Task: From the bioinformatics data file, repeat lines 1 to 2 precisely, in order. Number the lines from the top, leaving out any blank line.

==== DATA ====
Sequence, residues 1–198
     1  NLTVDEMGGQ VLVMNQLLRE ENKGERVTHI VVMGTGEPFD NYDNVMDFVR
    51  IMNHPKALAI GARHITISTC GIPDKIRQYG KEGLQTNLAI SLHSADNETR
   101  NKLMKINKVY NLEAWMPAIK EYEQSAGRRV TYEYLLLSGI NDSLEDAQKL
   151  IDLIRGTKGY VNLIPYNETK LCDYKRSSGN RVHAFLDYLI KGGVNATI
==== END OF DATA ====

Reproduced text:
Sequence, residues 1–198
     1  NLTVDEMGGQ VLVMNQLLRE ENKGERVTHI VVMGTGEPFD NYDNVMDFVR